Updated with early-afternoon statement on Wilson’s condition

IndyCar driver Justin Wilson remains in a coma in the intensive care unit of an Allentown, Pa., hospital after suffering a severe head injury when he was struck by debris from a wreck during a race Sunday in the ABC Supply 500 at Pocono Raceway.

The dire situation was complicated by the fact that Wilson’s wife and family members were not at the race and needed to speed to Lehigh Valley Health Network Cedar Crest Hospital, where Wilson’s condition is listed as critical.

[IndyCar driver Justin Wilson dies from head injury suffered in race]

Enter Tony Stewart.

The NASCAR owner/driver lent his airplane to the family, according to a tweet by Indy racer Graham Rahal.

Among those trying desperately to race to Pennsylvania on Sunday was Stefan Wilson, Justin’s brother.

The Verizon IndyCar Series offered an early-afternoon update on Wilson’s condition Monday, but little seems to have changed from Sunday night.

“Verizon IndyCar Series driver Justin Wilson remains hospitalized in a coma in the intensive care unit at Lehigh Valley Health Network Cedar Crest Hospital in Allentown, Pa., after sustaining a severe head injury during Sunday’s event at Pocono Raceway. He remains in critical condition,” the organization said in a statement.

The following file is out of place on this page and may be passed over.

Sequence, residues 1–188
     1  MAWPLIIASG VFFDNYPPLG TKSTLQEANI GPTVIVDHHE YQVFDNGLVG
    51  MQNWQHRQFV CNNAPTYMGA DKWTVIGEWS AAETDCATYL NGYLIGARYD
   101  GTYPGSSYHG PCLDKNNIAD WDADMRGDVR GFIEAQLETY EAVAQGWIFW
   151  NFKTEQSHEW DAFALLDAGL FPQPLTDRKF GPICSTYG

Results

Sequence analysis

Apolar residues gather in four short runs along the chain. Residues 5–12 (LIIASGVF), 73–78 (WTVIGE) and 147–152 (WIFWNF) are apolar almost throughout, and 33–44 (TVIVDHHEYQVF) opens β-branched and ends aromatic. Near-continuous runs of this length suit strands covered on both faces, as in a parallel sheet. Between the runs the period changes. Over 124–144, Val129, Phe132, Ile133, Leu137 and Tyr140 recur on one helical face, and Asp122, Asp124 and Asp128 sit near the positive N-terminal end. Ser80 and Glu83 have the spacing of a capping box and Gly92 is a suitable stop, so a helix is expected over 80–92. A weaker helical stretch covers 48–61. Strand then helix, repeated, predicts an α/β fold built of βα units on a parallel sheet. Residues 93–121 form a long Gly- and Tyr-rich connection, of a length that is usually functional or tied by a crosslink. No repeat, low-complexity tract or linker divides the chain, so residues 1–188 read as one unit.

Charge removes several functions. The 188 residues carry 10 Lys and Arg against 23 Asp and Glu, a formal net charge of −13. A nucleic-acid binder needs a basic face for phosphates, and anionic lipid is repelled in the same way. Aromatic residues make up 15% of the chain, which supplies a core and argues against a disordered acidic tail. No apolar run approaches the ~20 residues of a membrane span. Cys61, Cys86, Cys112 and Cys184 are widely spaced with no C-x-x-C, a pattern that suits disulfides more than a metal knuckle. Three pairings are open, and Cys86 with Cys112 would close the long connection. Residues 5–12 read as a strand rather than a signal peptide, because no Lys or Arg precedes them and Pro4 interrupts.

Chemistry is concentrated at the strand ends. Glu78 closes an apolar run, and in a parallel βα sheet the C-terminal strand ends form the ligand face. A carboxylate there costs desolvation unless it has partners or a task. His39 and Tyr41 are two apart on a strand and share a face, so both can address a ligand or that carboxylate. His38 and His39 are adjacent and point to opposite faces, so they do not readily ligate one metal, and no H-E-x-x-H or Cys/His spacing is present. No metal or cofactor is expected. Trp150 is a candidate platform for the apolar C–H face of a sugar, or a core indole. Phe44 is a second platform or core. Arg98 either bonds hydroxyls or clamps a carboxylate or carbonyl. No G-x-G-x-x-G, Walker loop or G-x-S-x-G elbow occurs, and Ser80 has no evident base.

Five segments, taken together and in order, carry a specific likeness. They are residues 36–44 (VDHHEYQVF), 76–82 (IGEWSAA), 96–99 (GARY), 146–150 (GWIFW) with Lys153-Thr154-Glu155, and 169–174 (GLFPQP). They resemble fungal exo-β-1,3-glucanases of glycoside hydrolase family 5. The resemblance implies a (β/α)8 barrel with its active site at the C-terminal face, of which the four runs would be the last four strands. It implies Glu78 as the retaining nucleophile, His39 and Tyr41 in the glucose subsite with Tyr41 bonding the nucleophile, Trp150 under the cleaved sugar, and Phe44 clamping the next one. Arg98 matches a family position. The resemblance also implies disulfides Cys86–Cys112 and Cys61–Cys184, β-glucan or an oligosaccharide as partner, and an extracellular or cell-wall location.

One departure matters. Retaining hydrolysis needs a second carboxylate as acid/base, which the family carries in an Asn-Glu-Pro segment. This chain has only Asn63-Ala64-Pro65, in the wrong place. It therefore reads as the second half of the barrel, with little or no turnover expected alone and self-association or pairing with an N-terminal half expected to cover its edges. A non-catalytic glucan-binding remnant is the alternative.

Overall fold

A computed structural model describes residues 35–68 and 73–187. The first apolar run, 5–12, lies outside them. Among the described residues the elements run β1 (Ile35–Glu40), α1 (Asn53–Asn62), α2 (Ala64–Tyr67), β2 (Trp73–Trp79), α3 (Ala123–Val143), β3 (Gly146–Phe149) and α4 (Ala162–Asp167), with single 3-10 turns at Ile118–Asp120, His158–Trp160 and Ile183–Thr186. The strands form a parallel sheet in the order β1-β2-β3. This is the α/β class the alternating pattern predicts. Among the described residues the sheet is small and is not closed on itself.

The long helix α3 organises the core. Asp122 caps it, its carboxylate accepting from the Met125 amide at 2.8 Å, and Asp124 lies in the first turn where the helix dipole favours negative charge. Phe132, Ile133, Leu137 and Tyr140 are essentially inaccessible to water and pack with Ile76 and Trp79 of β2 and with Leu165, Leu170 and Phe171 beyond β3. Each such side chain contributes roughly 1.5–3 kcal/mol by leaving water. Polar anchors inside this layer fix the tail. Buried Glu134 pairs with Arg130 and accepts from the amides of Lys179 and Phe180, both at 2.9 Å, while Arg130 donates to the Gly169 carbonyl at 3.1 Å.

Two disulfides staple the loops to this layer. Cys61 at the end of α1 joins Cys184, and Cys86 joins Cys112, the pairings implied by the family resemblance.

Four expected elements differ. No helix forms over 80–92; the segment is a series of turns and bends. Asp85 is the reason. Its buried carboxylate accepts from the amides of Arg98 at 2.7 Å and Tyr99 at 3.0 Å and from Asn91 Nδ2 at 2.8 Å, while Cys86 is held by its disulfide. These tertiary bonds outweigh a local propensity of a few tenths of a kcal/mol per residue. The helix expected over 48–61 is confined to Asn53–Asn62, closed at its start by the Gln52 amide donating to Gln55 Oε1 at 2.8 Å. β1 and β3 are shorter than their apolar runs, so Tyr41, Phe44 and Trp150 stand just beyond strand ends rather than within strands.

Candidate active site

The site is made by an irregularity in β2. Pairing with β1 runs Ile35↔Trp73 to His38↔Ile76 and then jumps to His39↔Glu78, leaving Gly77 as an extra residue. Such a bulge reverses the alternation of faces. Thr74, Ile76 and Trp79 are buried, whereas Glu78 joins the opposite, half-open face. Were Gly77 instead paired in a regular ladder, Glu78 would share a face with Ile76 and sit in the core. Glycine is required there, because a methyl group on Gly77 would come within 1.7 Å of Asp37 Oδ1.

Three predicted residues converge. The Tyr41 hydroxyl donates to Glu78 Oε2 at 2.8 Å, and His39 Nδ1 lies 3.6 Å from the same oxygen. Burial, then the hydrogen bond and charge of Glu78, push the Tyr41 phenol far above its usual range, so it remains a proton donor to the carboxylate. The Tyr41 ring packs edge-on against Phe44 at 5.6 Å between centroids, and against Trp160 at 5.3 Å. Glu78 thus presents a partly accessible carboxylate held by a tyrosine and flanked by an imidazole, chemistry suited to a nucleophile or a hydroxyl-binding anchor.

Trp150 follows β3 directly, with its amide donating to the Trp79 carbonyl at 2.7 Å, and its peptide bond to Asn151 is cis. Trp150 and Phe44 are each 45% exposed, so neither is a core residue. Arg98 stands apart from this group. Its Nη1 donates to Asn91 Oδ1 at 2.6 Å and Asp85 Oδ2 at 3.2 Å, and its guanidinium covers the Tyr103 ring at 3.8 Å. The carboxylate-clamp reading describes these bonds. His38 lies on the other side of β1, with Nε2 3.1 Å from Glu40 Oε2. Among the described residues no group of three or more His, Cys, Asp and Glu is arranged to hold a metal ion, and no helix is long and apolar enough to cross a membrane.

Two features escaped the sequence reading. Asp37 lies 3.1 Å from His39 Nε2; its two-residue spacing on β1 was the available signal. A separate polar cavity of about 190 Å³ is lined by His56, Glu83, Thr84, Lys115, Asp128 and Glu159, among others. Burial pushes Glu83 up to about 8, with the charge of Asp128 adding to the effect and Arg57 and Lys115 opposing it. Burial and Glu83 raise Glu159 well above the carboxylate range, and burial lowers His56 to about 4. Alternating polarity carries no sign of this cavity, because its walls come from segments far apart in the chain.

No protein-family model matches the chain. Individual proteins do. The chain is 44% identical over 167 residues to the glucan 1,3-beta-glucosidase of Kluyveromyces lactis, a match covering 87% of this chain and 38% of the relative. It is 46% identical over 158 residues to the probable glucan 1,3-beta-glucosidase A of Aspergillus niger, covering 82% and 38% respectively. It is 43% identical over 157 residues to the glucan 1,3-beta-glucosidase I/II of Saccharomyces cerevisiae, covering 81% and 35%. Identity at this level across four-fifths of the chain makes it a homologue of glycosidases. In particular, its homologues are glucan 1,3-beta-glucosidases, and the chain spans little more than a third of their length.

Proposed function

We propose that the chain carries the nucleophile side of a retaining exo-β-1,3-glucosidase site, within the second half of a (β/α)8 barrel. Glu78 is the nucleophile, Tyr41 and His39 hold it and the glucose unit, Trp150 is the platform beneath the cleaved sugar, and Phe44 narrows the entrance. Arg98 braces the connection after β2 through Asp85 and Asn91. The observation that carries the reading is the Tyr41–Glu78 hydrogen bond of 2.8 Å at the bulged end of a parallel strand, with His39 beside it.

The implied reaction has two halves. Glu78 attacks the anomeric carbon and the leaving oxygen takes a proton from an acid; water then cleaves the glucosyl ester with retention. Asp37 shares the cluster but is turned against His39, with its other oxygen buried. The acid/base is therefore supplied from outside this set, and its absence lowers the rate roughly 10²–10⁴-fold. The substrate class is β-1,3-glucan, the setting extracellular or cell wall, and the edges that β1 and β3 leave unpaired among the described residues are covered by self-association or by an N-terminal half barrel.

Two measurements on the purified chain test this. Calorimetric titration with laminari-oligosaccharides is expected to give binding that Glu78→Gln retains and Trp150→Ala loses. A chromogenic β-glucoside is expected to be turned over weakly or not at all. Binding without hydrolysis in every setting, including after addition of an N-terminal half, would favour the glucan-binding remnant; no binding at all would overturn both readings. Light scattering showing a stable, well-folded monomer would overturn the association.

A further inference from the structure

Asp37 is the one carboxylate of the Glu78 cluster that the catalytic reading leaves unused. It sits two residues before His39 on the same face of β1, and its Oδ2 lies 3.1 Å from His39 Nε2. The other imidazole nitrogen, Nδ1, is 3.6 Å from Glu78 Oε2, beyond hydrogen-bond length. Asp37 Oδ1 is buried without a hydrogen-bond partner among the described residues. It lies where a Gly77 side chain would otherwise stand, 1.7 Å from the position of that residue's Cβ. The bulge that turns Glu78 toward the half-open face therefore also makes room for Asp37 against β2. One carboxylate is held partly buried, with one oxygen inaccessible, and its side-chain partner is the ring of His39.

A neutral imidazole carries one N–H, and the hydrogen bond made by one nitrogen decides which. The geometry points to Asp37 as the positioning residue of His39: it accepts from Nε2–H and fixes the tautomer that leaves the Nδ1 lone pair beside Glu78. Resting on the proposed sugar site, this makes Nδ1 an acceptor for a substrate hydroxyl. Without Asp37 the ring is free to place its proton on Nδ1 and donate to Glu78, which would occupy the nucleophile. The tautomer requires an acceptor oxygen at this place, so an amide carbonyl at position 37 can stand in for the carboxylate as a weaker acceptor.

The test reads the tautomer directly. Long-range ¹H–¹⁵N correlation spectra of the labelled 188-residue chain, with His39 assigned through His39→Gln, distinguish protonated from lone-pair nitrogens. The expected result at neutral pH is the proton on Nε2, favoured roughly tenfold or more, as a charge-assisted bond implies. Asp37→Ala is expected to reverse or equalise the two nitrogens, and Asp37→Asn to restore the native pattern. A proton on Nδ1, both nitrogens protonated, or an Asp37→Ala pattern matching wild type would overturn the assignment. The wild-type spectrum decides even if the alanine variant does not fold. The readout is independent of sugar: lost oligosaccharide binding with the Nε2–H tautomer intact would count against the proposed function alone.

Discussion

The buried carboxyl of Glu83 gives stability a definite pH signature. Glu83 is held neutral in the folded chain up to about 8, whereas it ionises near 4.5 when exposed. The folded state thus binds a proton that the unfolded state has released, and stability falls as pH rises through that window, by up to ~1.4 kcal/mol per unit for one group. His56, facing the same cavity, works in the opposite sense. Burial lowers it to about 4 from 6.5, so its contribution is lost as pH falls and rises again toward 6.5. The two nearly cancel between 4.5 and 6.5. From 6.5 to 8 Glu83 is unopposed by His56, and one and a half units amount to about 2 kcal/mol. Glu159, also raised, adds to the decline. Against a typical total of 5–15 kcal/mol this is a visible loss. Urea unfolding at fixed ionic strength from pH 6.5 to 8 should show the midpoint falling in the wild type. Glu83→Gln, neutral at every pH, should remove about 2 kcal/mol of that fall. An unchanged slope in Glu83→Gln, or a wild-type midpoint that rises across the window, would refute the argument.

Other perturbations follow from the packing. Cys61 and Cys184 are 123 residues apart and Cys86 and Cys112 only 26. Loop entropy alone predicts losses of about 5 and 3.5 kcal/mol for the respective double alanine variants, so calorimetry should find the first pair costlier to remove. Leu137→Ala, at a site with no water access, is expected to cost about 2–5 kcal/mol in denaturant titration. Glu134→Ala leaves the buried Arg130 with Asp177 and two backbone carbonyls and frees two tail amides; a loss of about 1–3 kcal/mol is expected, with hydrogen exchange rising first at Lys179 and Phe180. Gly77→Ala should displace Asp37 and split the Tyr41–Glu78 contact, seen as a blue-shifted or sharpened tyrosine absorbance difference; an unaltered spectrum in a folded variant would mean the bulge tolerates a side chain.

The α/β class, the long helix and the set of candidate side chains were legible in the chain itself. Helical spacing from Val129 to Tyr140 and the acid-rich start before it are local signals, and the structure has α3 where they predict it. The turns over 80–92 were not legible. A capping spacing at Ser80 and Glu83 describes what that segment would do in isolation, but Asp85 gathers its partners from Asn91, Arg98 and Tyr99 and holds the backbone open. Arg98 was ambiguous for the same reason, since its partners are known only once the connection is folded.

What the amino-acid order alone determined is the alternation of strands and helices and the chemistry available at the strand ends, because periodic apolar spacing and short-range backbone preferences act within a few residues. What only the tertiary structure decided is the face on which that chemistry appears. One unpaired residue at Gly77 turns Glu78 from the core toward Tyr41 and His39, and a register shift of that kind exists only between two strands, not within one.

[Drivers react to Justin Wilson’s injury]

“IndyCar continues to send its thoughts and prayers to the family and thanks the entire motorsports community for the outpouring of support.

“Additional updates will be released when available.”

Wilson was injured late in the 200-lap race when leader Sage Karam’s car broke apart in a crash, strewing debris around the track. A piece of Karam’s nose cone appeared to strike Wilson, whose car veered left and into the inside wall at Turn 1. He quickly was extricated from his car and airlifted to a hospital.

Karam was uninjured in the crash, but was obviously shaken, like the rest of the racing community.

Wilson is a 37-year-old native of of Sheffield, England, who lives in Longmont, Colo. An open-wheel racer since 2004, he drives for Andretti Autosport, owned by Michael Andretti.